For what we shoot out of these rifles, most names again revert back to terminology which indicates accuracy, power or game taking ability. These include Power Belt Bullets ... Black Mag (powder) ... White Hots (white powder pellets) ... and the use of the word "Magnum"! Over the years, I have been asked to help name a lot of new products, muzzleloading and otherwise. The bullets shown above are one of several I have named. This is the line up of the Harvester Muzzleloading saboted Scorpion PT Gold bullets. Actually, naming these came very easy for me ... since I had mocked up the first prototypes of these bullets ... by "borrowing" the polymer tips from another new bullet (the Parker "Ballistic Extreme" ... which I also named) and installing them into Harvester's hollow-pointed Scorpion bullets. When I sent along my idea for a polymer tipped (PT) version of the bullet, I had spray painted the black tips gold in color ... and simply suggested the company call them the Scorpion PT Gold.
Another very popular muzzleloader loading component I was involved with was the powder that became Blackhorn 209. Mostly, my involvement was with the engineers who actually developed the new "High Performance Muzzleloading Propellant" ... and I sat down with them to outline all the properties which would make this the perfect modern formulated powder for today's hot new No. 209 primer ignition in-line muzzleloading big game rifles. Back in the early 2000's, this web magazine was widely known as HIGH PERFORMANCE MUZZLELOADING ... and in 2007 I suggested the use of that wording on the label to describe the powder inside one of those mostly black and orange containers.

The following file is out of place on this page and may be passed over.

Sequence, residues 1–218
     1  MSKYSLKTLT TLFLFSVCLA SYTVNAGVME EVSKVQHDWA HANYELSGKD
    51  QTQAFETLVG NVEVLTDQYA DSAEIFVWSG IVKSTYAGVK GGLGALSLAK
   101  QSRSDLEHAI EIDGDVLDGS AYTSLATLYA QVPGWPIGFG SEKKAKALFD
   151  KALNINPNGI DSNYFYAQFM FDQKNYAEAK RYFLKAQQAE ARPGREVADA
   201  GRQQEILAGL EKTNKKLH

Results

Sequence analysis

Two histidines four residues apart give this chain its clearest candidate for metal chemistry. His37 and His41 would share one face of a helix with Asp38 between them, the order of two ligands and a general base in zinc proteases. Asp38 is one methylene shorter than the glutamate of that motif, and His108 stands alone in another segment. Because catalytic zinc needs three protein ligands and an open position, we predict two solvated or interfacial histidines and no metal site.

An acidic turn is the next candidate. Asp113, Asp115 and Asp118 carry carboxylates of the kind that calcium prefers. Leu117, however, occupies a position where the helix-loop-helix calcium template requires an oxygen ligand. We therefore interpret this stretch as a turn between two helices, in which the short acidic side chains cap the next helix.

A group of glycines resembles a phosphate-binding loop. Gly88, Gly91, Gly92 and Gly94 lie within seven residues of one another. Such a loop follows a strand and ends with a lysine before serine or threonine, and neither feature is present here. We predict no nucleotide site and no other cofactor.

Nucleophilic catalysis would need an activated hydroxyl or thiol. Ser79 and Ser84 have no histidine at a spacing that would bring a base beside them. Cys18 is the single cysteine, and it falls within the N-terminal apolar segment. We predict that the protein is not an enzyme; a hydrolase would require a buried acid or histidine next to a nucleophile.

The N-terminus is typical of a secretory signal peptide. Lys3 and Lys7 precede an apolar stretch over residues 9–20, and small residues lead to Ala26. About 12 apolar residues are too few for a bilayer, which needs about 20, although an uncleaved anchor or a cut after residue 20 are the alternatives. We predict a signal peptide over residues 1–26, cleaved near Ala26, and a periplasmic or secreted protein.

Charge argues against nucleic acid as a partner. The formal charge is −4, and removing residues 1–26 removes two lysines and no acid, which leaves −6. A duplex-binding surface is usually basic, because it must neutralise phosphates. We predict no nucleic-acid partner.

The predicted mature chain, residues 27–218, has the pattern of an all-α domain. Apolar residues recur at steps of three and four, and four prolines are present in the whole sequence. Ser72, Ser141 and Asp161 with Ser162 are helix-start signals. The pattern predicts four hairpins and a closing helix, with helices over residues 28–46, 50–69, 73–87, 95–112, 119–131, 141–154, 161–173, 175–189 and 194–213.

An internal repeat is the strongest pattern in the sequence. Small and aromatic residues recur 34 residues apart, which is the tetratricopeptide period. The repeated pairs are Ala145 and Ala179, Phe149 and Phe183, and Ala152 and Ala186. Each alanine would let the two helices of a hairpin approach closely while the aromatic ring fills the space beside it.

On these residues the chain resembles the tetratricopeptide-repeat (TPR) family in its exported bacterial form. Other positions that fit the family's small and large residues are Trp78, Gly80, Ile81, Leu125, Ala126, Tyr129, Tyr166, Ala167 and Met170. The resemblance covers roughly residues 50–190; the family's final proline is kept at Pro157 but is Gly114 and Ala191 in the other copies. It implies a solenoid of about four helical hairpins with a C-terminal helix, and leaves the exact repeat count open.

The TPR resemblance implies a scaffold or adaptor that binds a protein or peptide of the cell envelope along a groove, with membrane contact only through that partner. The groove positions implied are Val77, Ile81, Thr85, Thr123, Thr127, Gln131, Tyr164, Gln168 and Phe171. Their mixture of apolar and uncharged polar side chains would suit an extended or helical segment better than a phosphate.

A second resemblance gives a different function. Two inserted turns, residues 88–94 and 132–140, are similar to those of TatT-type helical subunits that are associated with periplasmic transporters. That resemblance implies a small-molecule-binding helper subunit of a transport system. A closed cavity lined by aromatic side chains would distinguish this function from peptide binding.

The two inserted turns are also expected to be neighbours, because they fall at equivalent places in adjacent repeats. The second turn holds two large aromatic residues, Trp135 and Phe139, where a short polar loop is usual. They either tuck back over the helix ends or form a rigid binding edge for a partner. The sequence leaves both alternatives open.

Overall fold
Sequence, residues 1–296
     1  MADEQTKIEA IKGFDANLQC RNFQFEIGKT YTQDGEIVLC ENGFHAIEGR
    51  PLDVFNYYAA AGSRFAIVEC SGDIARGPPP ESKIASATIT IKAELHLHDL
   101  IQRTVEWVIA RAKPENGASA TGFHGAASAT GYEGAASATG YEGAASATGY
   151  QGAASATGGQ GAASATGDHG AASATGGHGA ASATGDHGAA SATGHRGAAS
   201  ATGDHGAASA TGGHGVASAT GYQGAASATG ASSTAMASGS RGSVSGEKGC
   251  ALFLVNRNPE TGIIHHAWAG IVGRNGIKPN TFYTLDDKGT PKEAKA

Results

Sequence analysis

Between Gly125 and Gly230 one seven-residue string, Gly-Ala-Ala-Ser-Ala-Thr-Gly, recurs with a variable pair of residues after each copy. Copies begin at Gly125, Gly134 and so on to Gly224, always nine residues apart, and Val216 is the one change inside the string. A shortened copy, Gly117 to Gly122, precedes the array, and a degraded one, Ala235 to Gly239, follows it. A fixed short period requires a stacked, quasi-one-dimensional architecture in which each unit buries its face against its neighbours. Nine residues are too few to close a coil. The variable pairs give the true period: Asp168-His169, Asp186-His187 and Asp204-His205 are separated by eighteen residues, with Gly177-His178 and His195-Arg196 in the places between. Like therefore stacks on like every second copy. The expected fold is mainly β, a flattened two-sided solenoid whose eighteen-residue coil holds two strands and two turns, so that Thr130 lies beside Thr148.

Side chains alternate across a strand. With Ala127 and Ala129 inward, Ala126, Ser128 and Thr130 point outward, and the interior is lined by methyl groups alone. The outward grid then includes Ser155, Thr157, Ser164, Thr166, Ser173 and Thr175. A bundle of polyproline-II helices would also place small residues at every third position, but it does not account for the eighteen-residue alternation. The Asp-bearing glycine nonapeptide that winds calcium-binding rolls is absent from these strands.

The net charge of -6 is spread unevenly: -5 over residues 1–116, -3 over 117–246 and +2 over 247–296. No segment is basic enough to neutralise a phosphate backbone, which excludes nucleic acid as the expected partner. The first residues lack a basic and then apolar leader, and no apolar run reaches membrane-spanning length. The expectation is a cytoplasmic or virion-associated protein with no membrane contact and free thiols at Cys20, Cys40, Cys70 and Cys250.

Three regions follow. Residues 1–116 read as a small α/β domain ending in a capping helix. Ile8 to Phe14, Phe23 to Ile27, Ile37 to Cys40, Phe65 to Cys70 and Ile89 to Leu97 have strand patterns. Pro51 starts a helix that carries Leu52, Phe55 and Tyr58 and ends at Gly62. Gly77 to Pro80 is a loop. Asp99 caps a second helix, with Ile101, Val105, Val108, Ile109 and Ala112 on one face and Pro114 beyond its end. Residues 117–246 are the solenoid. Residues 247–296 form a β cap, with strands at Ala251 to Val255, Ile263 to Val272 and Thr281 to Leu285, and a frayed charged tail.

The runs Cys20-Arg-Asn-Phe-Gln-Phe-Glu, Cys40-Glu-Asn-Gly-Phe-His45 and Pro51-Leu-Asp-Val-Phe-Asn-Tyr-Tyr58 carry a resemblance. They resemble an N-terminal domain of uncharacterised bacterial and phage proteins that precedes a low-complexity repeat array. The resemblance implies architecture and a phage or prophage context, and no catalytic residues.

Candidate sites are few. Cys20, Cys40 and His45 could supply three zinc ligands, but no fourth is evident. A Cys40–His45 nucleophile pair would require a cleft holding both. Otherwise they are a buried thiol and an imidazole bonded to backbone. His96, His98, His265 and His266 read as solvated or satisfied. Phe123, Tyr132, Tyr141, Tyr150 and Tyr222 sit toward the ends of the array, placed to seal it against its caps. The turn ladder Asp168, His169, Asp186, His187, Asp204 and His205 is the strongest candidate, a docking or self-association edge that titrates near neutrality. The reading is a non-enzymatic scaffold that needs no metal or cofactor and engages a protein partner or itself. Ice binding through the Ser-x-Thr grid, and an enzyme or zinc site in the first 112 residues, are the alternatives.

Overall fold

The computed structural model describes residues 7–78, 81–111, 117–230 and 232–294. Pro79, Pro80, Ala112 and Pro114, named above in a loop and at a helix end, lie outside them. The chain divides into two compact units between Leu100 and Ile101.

The gang at Western Powders, of Miles City, Montana, actually came up with the Blackhorn 209 name. I had thrown a couple of name ideas their way, but actually liked the name they came up with for the powder. BLACKHORN has kind of a traditional ring to it ... while 209 says the powder is for use in those modern muzzleloaders with a hot No. 209 primer ignition system.
New Names For New Products...
Yes...when the length of the sabot sleeves protrude too far above the point where a bulllet taper breaks over, to form the tip, that extra plastic or polymer can keep you from obtaining the absolute best accuracy. For more on this accuracy issue ... and to take a look at a very simple way to easily tailor sabot sleeve length to the length of the bullet you shoot, go to the link at the bottom of this post. We would love to hear from those of you who have experienced accuracy issues with sabot sleeves that are too long ... and of any solutions you may have come up with. To share your thoughts...please use the comment section for this post.
This NORTH AMERICAN MUZZLELOADER HUNTING Blog allows you to share your thoughts and muzzleloader hunting experiences...without leaving this website.